She has since apologized, and I don’t think she meant any harm. And I don’t think there was anything particularly unique about what she said. After all, Buddhists have been talking about this on the blogosphere since Cyclone Nargis.
Was it all just bad karma?
There was mention of the Dalai Lama blaming current Tibetan suffering on past Tibetan feudalism. But what about Cyclone Nargis? Payback for Ayutthaya? And now the earthquake… Much of the talk has centered on the fact that the people most hurt by these natural disasters are generally poor and innocent civilians. But I’m not going to get into that discussion. There is a brighter side.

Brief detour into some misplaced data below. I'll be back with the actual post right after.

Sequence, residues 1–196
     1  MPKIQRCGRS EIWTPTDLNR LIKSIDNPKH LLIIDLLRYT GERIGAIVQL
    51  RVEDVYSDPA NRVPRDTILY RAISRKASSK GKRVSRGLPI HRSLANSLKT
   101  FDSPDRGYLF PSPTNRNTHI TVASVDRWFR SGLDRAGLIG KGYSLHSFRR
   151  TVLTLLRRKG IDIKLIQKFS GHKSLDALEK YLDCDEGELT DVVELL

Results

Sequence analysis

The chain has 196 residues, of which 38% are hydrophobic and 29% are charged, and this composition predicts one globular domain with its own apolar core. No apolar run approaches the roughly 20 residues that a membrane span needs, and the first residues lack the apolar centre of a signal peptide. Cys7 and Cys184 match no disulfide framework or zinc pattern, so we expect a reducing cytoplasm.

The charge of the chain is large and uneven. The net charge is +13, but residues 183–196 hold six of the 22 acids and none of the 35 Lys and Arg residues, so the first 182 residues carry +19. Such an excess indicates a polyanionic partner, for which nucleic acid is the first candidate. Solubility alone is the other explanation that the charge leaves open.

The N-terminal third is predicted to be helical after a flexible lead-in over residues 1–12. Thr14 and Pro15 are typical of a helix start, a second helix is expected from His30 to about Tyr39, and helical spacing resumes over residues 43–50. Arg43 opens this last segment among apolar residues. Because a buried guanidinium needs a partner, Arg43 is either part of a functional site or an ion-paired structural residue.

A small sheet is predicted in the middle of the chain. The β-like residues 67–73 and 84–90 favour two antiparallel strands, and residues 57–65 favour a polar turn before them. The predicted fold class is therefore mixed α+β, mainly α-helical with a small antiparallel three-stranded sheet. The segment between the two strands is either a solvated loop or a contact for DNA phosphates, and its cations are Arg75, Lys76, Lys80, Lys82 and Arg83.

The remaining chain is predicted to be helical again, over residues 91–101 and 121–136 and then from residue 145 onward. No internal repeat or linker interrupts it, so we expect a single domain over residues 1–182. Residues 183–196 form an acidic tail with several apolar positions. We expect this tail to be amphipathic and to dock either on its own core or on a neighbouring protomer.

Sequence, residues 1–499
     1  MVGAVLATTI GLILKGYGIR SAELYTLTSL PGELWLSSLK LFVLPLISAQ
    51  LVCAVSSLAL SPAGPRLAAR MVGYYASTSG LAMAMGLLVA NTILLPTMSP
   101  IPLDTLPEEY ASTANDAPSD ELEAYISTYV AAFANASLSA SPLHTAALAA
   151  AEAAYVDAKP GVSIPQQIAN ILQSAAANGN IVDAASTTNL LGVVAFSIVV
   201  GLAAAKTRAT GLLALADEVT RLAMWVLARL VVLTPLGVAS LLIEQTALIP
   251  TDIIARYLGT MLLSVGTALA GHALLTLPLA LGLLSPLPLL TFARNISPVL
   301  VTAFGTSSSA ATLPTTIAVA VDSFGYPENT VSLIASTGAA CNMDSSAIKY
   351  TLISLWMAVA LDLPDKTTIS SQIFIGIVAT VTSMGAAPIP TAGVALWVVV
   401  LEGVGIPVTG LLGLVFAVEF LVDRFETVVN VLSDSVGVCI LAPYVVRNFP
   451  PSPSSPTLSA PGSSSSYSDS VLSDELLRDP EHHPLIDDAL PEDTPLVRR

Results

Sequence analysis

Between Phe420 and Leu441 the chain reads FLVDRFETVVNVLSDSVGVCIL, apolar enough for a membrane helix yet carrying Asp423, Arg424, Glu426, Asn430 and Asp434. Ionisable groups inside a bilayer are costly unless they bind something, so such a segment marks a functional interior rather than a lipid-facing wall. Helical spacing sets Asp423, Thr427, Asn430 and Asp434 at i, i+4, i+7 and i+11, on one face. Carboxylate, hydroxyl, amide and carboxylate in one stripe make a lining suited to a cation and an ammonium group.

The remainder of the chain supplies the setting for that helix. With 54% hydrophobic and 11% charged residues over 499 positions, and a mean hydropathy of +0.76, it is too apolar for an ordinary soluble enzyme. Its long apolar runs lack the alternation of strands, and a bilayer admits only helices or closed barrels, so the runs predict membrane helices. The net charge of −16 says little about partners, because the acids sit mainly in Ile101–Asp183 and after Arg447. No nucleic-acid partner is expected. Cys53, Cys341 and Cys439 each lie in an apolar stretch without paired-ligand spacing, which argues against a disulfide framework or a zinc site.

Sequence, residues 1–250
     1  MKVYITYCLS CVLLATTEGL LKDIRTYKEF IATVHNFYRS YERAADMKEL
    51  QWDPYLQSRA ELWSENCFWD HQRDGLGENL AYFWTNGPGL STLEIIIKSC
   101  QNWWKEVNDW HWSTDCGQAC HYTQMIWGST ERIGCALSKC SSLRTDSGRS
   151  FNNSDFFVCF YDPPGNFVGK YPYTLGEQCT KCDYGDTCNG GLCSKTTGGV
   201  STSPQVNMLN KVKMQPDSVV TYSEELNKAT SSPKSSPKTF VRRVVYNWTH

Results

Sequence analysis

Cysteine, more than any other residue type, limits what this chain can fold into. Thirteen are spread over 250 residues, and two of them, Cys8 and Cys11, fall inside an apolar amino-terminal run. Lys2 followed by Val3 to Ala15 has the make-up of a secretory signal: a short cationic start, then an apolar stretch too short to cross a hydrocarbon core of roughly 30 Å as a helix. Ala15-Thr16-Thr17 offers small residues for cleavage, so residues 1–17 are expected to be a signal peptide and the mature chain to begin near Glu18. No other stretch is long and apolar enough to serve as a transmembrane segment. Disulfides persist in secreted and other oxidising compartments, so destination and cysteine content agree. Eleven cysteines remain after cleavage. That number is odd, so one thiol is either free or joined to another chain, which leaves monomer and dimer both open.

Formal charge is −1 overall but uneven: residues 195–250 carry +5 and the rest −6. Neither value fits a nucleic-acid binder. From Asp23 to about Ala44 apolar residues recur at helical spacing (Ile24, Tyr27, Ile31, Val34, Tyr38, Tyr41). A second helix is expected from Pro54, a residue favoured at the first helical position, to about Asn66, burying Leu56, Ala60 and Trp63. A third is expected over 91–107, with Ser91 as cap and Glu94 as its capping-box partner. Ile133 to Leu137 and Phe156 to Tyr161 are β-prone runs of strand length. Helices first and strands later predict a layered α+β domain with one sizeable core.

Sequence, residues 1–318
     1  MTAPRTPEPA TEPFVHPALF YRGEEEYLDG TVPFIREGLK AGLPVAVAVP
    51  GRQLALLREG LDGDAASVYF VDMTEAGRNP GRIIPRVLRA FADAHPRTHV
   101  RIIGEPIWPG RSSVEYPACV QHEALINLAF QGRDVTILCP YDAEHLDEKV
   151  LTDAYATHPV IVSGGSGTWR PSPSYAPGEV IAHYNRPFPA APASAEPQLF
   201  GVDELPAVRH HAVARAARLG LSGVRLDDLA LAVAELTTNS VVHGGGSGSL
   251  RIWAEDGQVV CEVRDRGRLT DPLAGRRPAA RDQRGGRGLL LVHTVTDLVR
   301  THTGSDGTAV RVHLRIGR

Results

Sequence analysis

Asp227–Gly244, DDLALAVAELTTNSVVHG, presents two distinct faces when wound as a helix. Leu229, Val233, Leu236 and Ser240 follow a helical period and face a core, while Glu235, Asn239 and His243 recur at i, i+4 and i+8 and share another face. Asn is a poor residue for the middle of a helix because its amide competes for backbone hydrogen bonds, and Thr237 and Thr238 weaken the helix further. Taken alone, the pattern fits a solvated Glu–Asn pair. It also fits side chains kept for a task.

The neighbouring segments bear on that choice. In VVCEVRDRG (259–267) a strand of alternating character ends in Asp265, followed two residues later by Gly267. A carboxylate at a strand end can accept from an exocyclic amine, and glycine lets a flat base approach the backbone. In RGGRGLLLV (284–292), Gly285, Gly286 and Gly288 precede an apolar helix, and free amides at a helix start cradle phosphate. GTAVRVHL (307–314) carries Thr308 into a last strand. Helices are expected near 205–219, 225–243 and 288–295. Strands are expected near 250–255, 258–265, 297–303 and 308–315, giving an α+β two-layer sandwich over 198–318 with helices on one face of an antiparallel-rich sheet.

While many Buddhists, like Stone, have mused about this question, many have also gone to great lengths to see exactly what is said about cyclones and earthquakes. Hence the five niyamas. Maybe karma isn’t exactly what we think it is (see Thanissaro Bhikku’s notes).
This morning I was surprised to find mention of this in a BBC article. I found the article fair and well balanced. Who would ever have thought that an international Western news organization would care to do so much research? I guess my news standards must have dropped below what they used to be.
Here are four of the five niyamas in the BBC’s words:
- inorganic or environmental factors, such as the weather
- organic or biological factors, like bacteria or viruses
- psychological factors such as stress
- and transcendental or spiritual factors (such as the sometimes powerful galvanizing effect of spiritual practice)
The provocative musing about someone’s “just desserts” is not the end of the story. Dig deeper and the way things work turn out to be more complex.